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Oxidative Medicine and Cellular Longevity
Volume 2016, Article ID 3529149, 12 pages
Review Article

Is Liver Enzyme Release Really Associated with Cell Necrosis Induced by Oxidant Stress?

Departamento de Biología Celular y Desarrollo, Instituto de Fisiología Celular, UNAM, 04510 Mexico City, DF, Mexico

Received 19 July 2015; Accepted 11 October 2015

Academic Editor: Karina R. Gordillo

Copyright © 2016 Martha Lucinda Contreras-Zentella and Rolando Hernández-Muñoz. This is an open access article distributed under the Creative Commons Attribution License, which permits unrestricted use, distribution, and reproduction in any medium, provided the original work is properly cited.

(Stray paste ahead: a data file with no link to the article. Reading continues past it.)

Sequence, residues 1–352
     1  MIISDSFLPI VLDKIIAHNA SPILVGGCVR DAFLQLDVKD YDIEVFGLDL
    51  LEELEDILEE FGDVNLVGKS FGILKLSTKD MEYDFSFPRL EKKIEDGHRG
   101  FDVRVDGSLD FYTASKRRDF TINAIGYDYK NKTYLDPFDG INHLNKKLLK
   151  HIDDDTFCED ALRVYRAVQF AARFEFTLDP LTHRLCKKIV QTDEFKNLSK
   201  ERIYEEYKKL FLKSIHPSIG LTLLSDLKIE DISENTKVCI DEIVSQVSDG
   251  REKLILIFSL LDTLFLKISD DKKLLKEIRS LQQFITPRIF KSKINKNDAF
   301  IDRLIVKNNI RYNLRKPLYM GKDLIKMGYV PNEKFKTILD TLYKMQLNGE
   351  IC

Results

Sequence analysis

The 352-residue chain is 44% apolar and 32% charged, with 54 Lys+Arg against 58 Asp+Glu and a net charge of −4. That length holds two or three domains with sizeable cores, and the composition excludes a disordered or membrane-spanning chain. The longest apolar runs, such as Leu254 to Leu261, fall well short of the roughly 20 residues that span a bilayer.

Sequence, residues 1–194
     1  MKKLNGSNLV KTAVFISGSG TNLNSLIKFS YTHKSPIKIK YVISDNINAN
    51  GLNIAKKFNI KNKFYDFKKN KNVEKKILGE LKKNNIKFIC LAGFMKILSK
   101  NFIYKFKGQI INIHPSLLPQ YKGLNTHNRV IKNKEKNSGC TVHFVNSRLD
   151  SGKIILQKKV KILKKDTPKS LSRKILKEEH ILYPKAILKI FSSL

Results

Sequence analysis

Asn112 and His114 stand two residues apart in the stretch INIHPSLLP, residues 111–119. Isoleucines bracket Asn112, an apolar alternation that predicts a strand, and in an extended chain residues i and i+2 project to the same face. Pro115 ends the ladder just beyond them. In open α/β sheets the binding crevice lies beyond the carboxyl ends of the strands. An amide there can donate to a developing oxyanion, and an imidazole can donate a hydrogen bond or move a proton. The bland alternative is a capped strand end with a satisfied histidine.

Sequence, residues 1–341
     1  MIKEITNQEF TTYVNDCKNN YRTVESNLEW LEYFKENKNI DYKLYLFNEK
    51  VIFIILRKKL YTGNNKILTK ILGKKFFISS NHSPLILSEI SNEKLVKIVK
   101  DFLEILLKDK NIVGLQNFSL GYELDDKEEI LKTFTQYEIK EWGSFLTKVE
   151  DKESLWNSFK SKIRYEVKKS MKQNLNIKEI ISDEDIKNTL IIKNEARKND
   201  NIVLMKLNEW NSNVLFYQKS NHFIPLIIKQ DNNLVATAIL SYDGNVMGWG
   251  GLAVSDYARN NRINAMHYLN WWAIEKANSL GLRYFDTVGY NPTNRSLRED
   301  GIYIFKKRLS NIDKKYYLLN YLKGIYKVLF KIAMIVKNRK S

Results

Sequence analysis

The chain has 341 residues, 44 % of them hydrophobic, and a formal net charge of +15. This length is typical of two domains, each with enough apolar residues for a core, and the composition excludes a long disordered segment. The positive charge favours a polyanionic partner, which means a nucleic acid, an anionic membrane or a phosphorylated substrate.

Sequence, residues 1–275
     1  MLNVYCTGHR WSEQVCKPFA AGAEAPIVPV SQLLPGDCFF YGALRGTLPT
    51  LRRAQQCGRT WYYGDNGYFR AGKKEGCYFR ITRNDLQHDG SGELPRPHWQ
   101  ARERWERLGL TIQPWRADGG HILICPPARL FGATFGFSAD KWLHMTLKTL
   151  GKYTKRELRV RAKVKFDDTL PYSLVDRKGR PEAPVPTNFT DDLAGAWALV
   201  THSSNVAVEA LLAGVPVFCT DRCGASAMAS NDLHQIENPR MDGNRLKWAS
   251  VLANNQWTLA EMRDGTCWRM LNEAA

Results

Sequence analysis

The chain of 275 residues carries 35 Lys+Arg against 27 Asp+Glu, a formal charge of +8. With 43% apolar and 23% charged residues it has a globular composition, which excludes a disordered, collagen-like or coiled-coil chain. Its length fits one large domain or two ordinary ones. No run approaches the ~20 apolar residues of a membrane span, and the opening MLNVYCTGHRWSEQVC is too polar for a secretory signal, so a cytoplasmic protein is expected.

Hepatic diseases are a major concern worldwide. Increased specific plasma enzyme activities are considered diagnostic features for liver diseases, since enzymes are released into the blood compartment following the deterioration of the organ. Release of liver mitochondrial enzymes is considered strong evidence for hepatic necrosis, which is associated with an increased production of ROS, often leading to greater hepatic lipid peroxidation. Lipotoxic mediators and intracellular signals activated Kupffer cells, which provides evidence strongly suggesting the participation of oxidant stress in acute liver damage, inducing the progression of liver injury to chronic liver damage. Elevated transaminase activities are considered as an index marker of hepatotoxicity, linked to oxidant stress. However, a drastic increase of serum activities of liver enzyme markers ought not necessarily to reflect liver cell death. In fact, increased serum levels of cytoplasmic enzymes have readily been observed after partial hepatectomy (PH) in the regenerating liver of rats. In this regard, we are now showing that in vitro modifications of the oxidant status affect differentially the release of liver enzymes, indicating that this release is a strictly controlled event and not directly related to the onset of oxidant stress of the liver.